Four months after it was implemented, banking brought more problems to Cubans

Four months after it was implemented, banking brought more problems to Cubans

HAVANA, Jan. 25th. Four months after applying the so-called banking process in Cuba, which has involved the Government trying to eliminate cash transactions and the obligation for people and companies to use forms of electronic payment, as well as to have a bank account, the Authorities recognize that its impact has not been what was expected.

According to a report on the results of the process shared by the Central Bank of Cuba (BCC) with the official site Cubadebate, “there are businesses that have payment channels and do not guarantee their clients access to them; there is resistance on the part of direct sellers belonging to state businesses, and there are providers of goods and services that lack the necessary technical conditions or are found in the so-called zones of silence”.

The note points out that although as of February all Cuban economic actors must have created the conditions to accept payments by electronic transfer, made between bank accounts, “many do not create the conditions or manage to evade the treasury.”

Apart from the resistance and rejection of the process, the BCC recognizes that part of the population also reproaches “for not having been consulted about how they wanted to acquire their salary (in cash or card); and complaints persist among clients who are unable to choose the method of payment in private or state establishments”.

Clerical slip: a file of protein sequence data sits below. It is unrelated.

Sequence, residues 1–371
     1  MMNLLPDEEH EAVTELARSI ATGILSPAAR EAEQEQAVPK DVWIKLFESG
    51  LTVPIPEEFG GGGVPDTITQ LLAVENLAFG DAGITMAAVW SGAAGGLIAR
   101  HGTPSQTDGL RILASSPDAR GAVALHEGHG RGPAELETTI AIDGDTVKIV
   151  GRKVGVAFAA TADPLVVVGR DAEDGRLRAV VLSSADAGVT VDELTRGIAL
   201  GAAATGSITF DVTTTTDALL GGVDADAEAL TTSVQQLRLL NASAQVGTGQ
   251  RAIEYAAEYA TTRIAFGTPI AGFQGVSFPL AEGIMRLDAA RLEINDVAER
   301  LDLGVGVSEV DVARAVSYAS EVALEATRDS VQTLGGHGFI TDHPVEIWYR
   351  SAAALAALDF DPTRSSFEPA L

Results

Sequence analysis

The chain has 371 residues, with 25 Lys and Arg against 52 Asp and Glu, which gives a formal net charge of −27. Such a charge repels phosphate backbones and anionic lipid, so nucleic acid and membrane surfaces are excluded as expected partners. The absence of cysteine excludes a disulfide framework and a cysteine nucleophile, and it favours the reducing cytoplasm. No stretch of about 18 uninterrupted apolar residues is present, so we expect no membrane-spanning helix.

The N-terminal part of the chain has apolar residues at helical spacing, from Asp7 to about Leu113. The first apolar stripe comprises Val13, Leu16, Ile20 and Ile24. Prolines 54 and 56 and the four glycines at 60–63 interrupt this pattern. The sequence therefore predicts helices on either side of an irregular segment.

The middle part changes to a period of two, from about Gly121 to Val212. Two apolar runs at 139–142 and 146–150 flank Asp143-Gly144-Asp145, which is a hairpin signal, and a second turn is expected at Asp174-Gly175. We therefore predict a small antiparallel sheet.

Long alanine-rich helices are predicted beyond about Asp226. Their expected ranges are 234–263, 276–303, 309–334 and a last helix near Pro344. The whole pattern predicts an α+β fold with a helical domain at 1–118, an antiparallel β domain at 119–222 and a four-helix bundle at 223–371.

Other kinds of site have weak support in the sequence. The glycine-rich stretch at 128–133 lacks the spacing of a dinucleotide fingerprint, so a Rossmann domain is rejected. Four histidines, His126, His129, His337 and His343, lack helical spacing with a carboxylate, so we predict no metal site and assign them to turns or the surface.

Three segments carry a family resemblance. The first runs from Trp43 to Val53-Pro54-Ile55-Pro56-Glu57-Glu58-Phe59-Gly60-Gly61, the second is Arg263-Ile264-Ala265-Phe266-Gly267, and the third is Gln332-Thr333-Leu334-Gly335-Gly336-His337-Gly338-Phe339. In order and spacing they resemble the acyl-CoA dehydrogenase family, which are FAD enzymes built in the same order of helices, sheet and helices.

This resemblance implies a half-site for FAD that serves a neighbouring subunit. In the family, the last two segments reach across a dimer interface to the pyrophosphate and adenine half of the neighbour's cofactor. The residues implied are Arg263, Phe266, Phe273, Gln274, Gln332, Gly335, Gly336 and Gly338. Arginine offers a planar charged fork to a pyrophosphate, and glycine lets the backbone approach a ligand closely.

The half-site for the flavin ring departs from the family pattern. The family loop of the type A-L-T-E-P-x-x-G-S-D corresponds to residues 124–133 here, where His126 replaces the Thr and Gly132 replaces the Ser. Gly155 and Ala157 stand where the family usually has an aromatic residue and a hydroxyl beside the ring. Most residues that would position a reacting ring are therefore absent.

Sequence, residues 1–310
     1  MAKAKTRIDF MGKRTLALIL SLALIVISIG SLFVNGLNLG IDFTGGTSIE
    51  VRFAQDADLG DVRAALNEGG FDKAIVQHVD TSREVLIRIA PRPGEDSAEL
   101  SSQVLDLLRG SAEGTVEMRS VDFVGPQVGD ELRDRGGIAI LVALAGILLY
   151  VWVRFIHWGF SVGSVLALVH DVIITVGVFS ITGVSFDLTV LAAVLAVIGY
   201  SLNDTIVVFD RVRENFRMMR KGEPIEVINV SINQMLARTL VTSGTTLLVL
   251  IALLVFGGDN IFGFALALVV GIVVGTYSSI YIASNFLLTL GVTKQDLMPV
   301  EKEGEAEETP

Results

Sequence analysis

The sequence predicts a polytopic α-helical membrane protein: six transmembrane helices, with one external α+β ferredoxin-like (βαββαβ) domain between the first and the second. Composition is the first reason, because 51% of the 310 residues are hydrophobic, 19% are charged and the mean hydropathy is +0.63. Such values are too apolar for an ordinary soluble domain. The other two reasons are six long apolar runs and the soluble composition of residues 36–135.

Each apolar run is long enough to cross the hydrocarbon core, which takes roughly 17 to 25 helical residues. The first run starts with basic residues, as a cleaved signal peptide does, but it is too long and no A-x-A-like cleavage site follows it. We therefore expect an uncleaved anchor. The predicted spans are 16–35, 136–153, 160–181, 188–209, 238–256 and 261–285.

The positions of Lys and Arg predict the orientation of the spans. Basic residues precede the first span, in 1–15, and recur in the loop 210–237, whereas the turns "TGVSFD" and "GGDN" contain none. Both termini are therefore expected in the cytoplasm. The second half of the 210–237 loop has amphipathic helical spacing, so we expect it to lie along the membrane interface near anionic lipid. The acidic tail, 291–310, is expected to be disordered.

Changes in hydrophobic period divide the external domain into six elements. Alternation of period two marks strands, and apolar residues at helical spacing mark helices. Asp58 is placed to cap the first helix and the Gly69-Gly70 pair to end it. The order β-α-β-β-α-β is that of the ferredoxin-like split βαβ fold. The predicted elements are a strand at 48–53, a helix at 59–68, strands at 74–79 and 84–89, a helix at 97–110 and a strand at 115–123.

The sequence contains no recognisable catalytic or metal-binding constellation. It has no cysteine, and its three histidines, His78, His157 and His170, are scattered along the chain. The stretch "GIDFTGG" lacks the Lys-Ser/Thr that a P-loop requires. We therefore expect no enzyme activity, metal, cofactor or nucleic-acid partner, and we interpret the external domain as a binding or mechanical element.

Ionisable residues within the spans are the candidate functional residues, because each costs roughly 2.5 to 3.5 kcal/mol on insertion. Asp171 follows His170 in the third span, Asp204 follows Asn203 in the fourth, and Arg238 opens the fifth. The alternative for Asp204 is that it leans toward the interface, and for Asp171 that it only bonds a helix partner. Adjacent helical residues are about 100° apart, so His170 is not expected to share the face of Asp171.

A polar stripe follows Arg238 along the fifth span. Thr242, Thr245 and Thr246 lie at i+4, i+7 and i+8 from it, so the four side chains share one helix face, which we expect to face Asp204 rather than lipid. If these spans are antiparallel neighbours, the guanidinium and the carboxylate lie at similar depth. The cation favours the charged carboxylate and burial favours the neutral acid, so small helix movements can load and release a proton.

Likewise, especially in the interior of the Island, the infrastructure is not adequate to implement the measure, since “non-state economic actors do not have a formal market where they can acquire foreign currency, which is why they continue to accumulate cash and demand payment in this way to their clients”.

“These actors do not stably deposit in the bank and there continues to be a poor perception of the services of bank branches, which do not yet respond to the real needs of natural and legal persons,” the note adds.

According to the BCC report, although electronic transactions grew in Cuba during the pandemic, especially with the state payment gateways Transfermóvil and EnZona, in 2023 the increase stopped. Cubadebate assures that “since Resolution 111/2023 was approved, cash extraction operations have decreased.